However, today a common thread in thriving Jewish organizations is an optimism about what they aspire to and believe they can achieve, a recognition that realism about the challenges of the present does not eliminate the ability of those institutions to believe in their vision and capacity to carry it out. As a result, when thinking about synagogue change, this suggests to me that rather than trying to rip the synagogue structure out from beneath, the first thing that we need to do is help synagogue leaders no longer be afraid to hope.
2. The Synagogue that Feared to Hope
Five years ago, my colleagues Kathy Elias, Robert Leventhal, and Rabbi Charles Savenor created the Sulam for Emerging Leaders (SEL) program, a leadership development curriculum from USCJ that has already helped synagogues cultivate over 1,500 new leaders in Conservative synagogues, with almost 60% of graduates now serving on their synagogue board. My favorite exercise in the curriculum is called “The Congregation that Feared to Hope,” a true story of a synagogue paralyzed by a gloomy vision about their future, and where the cohort is tasked with changing the language that the leaders use. In the case study, when asked to provide an optimistic vision about the future, the synagogue leaders gave responses like:
- Kids wouldn’t drop out after Bar Mitzvah. They would care more about Judaism.
- Families wouldn’t just be consumers.
- The same people wouldn’t have to do everything.
Each of the above examples may be an accurate statement of the problems facing this synagogue or any synagogue. However, Martin Seligman points out that pessimists tend to use words like “always” and “never” to describe problems, as if they face unfixable and permanent challenges (44). The very fact that this congregation’s leadership could only speak about a vision in terms of doom and gloom says something about the culture of the congregation and their explanatory style, and thus directly affects their capacity to do realistic work to strengthen and transform their community. Seligman calls the kind of language used by these synagogue leaders as “learned helplessness,” the feeling developed over time that one is helpless in the face of adversity, an attitude that sadly infects too many congregations today. And if that is the kind of language that leaders use to describe their highest aspirations, it seems unlikely that anyone would want to engage with them.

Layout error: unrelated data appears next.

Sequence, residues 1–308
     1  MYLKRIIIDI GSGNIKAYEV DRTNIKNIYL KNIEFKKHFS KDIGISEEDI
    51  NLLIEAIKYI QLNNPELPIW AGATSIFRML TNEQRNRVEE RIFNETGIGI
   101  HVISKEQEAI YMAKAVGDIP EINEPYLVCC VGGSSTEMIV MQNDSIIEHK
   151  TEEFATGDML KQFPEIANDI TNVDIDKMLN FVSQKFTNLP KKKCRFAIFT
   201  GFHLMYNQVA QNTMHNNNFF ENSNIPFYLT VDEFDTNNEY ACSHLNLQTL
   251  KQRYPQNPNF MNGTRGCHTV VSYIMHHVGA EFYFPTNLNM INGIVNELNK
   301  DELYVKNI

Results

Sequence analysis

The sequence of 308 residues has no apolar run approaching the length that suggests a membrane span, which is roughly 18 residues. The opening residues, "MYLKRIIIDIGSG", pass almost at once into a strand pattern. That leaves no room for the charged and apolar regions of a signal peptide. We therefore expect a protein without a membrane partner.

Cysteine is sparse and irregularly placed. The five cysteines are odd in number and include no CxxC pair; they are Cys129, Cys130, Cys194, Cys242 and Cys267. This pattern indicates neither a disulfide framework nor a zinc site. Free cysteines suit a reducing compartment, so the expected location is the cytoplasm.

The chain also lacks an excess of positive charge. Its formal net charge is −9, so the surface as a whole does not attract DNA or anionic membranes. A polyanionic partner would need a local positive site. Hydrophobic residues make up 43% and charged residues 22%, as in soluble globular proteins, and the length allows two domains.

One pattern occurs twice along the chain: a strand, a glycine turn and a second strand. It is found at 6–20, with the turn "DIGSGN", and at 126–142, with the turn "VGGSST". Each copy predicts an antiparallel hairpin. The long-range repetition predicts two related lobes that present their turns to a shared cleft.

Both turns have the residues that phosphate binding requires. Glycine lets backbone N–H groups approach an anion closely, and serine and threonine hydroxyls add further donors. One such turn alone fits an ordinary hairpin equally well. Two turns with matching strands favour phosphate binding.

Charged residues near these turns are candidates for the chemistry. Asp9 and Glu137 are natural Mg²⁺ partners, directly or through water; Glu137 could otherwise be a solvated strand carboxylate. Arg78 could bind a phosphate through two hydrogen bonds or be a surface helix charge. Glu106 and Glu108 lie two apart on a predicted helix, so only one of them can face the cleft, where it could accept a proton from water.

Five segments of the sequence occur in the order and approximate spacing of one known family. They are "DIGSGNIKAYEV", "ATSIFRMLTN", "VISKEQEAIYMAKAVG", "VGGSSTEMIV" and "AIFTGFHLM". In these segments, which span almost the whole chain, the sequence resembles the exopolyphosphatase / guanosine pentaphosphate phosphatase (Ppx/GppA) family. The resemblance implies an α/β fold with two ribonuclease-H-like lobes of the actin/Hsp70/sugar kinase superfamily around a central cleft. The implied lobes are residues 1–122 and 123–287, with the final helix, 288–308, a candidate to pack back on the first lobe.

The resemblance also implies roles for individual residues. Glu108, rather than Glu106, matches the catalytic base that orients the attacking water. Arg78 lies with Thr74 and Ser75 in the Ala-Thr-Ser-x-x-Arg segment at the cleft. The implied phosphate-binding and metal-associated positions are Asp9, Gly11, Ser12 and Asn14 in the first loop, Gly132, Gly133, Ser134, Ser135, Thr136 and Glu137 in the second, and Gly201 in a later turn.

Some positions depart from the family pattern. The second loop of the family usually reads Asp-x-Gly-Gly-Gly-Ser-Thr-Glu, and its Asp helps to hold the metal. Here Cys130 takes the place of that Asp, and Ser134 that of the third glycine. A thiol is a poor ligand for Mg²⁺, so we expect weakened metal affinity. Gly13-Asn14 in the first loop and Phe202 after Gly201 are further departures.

3. The Wall of Wonder
When USCJ staff visit synagogues to work with their professional and lay leadership, one of our most frequent exercises is a visioning workshop that we informally call the “Wall of Wonder.” Facilitated by our staff, the leaders of the synagogues must stand up and state their highest hopes for how the synagogue can maximize how it does prayer, study, community, governance, and other core areas of community life. No one is allowed to critique someone else’s aspiration; all ideas go up on the wall. The wall is the beginning, not the end, of the planning process.
If we want to transform how synagogues pray, learn, do justice and gather together, leaders need to help them unearth the “great plans, the dreams, and the hopes” Seligman argues all people need to “accomplish anything difficult or intimidating” (114). Too many synagogues are afraid of failure, and all of us contribute to this state of affairs by assuming implicitly or explicitly that it’s not possible for synagogues to succeed. The synagogue foundation is unstable, yet the seeds of hope can begin to be planted through a change of language. Language alone will not transform synagogue life, but if leaders do not believe that they can make a change, no one else will either.
Rabbi Joshua Rabin is the Director of Innovation at the United Synagogue of Conservative Judaism, and is the Program Director of the USCJ Convention. You can read more of his writings at www.joshuarabin.com.